Longreads + Open Thread

Solar, Cockroaches, Antitrust, HFT, Chicago, Legibility, Google, the Dark Ages



The Inheritance of Rome: Illuminating the Dark Ages 400-1000: I've found that when I think of broad historical epochs, I tend to anchor to when they reached the peak of their power and differentiation. So, there was once a Roman world, with roads, aqueducts, public baths, assorted legions defending the border. And, at some point after that, the formerly Roman world was fragmented into smaller kingdoms, typically ruled by someone who owned a castle or two. But that leaves a lot of the transition between the two unexplained, and this book is all about how we got from point A to point B.

One reason this process doesn't get a lot of coverage is that the collapse of Rome was a disaster for European standards of living. The Roman Empire was an extractive state, i.e. it converted taxes on peasants into infrastructure, luxury consumption for the rich, as well as assorted conquests, attempts to defend itself from being conquered, etc. But it was big enough, and imposed enough consistency in language, legal code, and currency, that it could support a complex economy with trade between different regions. Post-Roman Europe really couldn't manage this. Some post-Roman states were very weak indeed: the book describes kings in England as being entitled to tribute, paid in food, but often only paid when the king and his entourage showed up. It's a big decline, from emperors who can command vast armies and skim some production from tens of millions of people to a guy who shows up with a posse of intimidating friends and demands dinner.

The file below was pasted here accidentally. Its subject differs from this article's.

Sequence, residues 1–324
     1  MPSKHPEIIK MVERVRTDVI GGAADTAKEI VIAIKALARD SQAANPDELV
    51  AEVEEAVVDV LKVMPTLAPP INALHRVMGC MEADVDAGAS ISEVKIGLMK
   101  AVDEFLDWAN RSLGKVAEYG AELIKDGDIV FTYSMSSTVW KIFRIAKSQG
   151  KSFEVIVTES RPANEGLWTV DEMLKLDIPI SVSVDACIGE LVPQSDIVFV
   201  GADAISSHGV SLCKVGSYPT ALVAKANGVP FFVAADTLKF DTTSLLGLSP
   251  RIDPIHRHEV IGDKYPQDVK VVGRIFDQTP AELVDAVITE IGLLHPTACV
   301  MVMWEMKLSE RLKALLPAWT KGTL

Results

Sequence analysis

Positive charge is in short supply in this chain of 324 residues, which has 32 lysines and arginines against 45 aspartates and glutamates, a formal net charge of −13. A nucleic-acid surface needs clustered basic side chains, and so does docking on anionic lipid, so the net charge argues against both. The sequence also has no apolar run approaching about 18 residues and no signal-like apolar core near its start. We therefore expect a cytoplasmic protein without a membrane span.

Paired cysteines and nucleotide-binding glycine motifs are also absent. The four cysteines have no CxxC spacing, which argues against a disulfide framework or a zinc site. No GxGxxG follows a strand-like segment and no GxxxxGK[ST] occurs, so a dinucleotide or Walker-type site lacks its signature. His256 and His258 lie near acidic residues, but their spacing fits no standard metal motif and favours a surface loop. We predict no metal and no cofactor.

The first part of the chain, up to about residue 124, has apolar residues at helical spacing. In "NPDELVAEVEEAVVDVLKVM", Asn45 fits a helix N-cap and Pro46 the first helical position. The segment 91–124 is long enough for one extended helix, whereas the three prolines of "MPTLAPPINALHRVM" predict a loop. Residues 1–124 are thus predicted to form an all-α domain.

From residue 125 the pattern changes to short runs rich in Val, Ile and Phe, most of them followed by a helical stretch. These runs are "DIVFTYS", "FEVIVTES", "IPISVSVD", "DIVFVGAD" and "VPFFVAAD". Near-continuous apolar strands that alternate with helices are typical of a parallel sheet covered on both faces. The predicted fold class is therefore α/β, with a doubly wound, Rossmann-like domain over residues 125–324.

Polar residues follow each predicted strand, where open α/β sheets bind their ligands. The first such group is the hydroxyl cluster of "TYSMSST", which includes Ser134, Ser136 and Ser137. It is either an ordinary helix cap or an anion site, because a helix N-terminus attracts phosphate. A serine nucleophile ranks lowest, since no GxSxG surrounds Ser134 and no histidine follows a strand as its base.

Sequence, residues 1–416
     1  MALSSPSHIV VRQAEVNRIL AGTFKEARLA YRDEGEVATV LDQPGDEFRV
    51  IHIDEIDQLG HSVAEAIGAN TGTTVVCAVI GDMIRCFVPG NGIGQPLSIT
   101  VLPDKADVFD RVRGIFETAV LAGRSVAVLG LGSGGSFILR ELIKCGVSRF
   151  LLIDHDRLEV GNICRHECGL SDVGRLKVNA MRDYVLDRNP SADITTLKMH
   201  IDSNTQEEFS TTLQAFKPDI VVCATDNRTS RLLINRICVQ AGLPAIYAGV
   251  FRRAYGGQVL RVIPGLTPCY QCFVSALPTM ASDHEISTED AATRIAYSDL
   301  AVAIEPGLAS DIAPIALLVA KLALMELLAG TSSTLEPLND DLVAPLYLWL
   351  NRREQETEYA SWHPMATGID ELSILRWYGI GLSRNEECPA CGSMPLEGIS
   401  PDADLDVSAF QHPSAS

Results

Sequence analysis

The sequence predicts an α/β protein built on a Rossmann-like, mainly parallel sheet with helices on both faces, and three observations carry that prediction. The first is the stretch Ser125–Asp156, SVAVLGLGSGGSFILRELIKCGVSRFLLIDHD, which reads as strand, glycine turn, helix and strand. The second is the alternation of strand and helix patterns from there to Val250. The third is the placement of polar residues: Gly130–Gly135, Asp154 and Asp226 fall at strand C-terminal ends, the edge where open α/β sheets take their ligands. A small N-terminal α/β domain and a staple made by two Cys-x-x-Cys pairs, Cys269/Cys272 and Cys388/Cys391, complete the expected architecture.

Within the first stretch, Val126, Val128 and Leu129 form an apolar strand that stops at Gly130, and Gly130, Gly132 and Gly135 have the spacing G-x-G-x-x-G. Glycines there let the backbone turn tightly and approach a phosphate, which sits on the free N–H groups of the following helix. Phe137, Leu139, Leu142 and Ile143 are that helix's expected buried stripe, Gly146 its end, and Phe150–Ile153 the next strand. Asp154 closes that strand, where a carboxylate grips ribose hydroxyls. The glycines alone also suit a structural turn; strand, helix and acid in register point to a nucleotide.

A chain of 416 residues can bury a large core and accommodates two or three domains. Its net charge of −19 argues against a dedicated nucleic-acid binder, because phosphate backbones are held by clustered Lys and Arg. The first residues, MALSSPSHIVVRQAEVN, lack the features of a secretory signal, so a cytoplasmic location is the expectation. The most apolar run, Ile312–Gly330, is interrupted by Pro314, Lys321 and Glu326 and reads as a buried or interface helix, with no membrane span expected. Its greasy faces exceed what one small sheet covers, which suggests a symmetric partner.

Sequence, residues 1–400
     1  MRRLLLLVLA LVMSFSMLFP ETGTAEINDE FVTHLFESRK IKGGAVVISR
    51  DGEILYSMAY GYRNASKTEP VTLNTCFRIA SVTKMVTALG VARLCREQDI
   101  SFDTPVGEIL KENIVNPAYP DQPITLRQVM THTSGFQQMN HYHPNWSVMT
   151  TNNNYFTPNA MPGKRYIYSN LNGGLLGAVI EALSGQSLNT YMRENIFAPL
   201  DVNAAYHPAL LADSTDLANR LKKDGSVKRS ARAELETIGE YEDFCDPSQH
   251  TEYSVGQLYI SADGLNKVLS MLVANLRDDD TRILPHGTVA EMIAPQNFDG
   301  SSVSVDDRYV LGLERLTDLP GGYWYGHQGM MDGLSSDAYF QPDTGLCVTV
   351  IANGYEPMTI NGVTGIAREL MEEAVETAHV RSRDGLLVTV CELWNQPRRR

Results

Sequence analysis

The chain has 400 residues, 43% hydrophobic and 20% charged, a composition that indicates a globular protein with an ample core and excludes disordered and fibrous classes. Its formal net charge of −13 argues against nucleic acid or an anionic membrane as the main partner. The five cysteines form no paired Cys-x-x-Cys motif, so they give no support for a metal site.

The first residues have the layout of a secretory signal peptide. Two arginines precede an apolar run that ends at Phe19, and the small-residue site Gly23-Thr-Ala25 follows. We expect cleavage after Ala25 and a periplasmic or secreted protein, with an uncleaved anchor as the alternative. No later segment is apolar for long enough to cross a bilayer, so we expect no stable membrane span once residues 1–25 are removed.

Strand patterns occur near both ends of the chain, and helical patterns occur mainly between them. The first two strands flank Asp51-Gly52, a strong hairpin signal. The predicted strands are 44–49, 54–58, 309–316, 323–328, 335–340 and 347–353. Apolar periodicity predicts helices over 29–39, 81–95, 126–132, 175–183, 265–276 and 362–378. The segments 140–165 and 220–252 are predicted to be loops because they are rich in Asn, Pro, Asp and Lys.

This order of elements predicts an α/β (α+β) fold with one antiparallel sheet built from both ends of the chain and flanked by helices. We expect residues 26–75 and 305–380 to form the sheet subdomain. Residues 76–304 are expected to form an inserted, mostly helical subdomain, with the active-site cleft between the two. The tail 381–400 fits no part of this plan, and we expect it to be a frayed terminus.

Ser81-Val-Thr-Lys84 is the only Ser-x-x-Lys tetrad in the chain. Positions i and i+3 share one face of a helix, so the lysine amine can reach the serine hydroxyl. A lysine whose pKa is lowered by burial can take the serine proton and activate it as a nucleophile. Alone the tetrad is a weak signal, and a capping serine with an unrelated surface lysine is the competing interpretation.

As with other books I've read about turnover in regimes, like Tony Judt's Postwar, a transition that's sharp and impossible to ignore in the capital city is more gradual everywhere else. To someone in the city of Rome itself, 476 AD was a discrete and meaningful point in history, but to someone in what is now France or England, the fall of Rome was a gradual process happening over centuries—in England, at least, the Roman Empire more or less ghosted them, by answering letters more and more slowly and eventually neglecting to reply at all. In other places, the Roman system was kept running, to a degree, but under new management.

A running theme in the book is the search for legitimacy. Rome had lasted long enough that it probably felt unquestionably permanent to most people who lived in the empire and were even aware of it. But when someone new is in charge, they need some way to demonstrate that they are. You can roughly measure how nice it was to live in a particular post-Roman state by what their leaders did to signal that they were leaders: in the worst case, it was typically by killing off some rival claimant, but in a few places it meant building a nice church or mosque, a palace, or perhaps making a slapdash effort to reconstruct a Roman bridge or road. That search for legitimacy still matters, at many scales; it's useful to have someone specific in charge, but it's costly for them to demonstrate that they are, in fact, calling the shots.

Open Thread

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